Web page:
Cross-curricular work was also observed in some classes and it was clear that teachers with more than one subject allowed their expertise in other areas to feed into their History classes which is good practice. The use of video clips, as observed in class, is a good method in History teaching, especially if the clips are kept to a suitable length. It is important to time them carefully so that students have adequate opportunity to respond and to convey their impressions of the images seen.
There is an imaginative programme of visits and fieldwork in History, at home and abroad, and these enhance the learning process in many History topics. Presentations, projects and competitions are also key elements in the teaching and learning process in History in the school. Playing a central part in this process is the large and well-stocked school library, which contains a good selection of History books. Access to the internet through computers is available in a dedicated area. The students in the school are actively involved in the running of their library and this is to be applauded.
Throughout the lessons observed during the inspection, all students were unfailingly polite and hardworking, clearly responding to the positive educational environment. In all instances there was an atmosphere of mutual respect, which had been developed over time, and which is commendable. In several classes, an excellent and lively rapport had been built up between teacher and students, and this was both effective and beneficial in the teaching and learning process.
At all times, students are assessed both formally and informally. Questions and answer sessions, class tests, in-house examinations, projects and competitions all play their part in evaluation and assessment in History. Evidence can be seen on the classroom and corridor walls of the achievements and products of individual and group work in History in the school. There is a culture of celebration of student achievement in the school, and History plays no small part in this.
Written homework assignments and exercises are regularly set for all classes. Copybooks, folders and notebooks all bear testimony to the good written work completed by students, and are carefully monitored by teachers. Some instances of formative assessment in the correction of students’ work were observed and this is to be encouraged in all cases, as it assists in students developing their own work and understanding of the subject.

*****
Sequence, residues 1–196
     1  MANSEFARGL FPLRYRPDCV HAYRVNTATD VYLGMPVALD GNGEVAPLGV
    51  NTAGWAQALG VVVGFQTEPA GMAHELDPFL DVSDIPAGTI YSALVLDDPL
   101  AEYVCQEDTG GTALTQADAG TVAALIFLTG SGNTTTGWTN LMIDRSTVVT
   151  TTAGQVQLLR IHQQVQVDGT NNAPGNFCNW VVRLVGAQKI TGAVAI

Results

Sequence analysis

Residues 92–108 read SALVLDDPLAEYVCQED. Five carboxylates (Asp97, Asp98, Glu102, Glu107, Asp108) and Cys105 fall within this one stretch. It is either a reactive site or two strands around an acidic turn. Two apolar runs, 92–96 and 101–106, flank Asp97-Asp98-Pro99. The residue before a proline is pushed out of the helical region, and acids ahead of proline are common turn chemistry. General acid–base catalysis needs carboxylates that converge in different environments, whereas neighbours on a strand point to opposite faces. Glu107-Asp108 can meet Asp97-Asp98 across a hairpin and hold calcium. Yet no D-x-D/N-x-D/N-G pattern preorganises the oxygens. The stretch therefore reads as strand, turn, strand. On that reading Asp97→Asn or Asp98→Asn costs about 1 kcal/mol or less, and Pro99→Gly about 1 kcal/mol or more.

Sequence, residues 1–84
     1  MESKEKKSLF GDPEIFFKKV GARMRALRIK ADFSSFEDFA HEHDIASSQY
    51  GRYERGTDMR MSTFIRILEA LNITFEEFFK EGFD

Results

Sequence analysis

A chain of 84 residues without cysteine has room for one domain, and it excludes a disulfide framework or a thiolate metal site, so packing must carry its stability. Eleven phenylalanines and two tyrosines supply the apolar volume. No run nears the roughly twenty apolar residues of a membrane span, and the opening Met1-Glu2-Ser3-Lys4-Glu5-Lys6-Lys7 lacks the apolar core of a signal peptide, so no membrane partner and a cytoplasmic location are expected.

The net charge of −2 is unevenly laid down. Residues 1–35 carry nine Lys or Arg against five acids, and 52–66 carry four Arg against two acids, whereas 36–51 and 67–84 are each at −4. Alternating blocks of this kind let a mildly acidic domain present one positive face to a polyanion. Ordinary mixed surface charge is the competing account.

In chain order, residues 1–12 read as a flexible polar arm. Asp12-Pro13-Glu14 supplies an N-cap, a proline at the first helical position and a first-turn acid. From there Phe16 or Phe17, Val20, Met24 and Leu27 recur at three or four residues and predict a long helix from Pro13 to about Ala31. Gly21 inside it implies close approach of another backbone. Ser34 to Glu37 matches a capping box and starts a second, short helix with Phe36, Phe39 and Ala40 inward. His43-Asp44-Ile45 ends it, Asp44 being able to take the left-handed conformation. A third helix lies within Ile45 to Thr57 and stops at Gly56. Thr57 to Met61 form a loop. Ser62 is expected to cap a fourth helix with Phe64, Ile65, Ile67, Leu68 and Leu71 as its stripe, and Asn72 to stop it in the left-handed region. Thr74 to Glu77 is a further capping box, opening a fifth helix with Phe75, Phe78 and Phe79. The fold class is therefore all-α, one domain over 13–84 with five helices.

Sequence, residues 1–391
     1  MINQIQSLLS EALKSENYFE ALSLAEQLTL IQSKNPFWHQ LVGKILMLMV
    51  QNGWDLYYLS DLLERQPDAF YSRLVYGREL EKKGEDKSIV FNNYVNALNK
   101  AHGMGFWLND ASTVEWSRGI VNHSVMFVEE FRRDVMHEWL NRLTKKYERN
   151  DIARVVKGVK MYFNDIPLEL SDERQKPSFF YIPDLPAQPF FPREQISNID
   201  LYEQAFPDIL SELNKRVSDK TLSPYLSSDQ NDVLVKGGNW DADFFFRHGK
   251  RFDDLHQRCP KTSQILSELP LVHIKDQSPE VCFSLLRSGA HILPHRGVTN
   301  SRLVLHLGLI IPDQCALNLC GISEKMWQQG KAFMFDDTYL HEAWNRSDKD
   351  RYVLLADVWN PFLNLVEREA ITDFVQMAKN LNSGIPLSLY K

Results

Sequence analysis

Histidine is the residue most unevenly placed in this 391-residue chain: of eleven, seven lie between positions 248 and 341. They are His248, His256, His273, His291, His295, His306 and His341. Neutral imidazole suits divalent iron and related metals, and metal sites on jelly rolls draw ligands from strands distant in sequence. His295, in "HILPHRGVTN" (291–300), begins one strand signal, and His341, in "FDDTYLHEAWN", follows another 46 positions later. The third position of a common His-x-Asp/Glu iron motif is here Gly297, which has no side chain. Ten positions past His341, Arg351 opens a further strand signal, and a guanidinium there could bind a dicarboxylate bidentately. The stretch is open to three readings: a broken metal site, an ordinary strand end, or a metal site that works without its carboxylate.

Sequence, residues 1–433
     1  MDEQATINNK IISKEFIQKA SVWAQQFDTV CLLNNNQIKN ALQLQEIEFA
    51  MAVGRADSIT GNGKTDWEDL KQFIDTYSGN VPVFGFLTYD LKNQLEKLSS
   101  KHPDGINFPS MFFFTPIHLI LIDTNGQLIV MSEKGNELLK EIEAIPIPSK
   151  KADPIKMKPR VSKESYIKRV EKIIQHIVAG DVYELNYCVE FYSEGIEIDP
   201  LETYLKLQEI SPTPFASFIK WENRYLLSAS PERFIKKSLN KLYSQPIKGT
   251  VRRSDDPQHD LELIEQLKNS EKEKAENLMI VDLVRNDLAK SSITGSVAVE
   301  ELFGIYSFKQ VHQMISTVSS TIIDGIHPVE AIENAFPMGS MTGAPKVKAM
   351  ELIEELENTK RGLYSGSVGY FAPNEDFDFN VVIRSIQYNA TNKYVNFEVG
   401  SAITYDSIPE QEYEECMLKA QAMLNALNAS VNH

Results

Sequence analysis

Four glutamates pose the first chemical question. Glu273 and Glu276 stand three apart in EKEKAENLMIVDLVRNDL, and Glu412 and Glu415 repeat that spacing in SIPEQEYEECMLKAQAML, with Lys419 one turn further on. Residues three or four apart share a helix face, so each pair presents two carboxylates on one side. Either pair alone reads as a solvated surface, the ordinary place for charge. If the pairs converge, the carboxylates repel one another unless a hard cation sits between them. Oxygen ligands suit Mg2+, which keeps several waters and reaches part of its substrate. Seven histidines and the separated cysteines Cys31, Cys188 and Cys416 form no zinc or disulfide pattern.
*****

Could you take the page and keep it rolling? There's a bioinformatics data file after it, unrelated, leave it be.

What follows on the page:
Test papers had also been well corrected and monitored, and students were aware of their progress in the subject. Written reports are sent to parents twice a year, following examinations. In-house examinations are held in February and May for the students in non-certificate examination years, and there are ‘mock’ examinations in February for those in third and sixth years.
Parent-teacher meetings are held annually for each year group and information meetings for parents are also organised. Through these, parents are being drawn more into the subject selection process for senior cycle, which is a positive strategy.
It is clear from the high uptake in History at Leaving Certificate that the foundation in the subject is well laid at junior level and in the Transition Year. Students achieve a very good standard in this subject, due in equal measure to their enthusiasm, their dedicated work, and their teachers’ input and careful preparation. They are all, teachers and students, to be commended for the attainment of high standards in History.
The following are the main strengths and areas for development identified in the evaluation:
As a means of building on these strengths and to address areas for development, the following key recommendations are made:
Post-evaluation meetings were held with the principal and deputy principal and with the teachers of History at the conclusion of the evaluation at which the draft findings and recommendations of the evaluation were presented and discussed.
Submitted by the Board of Management
Area 1: Observations on the content of the inspection report
The staff and Board of Management were very happy with the inspection and the report.
Area 2: Follow-up actions planned or undertaken since the completion of the inspection activity to implement the findings and recommendations of the inspection
The recommendations were observed and will be incorporated into the teaching of History. In the area of ICT this will be determined by the availability of finance.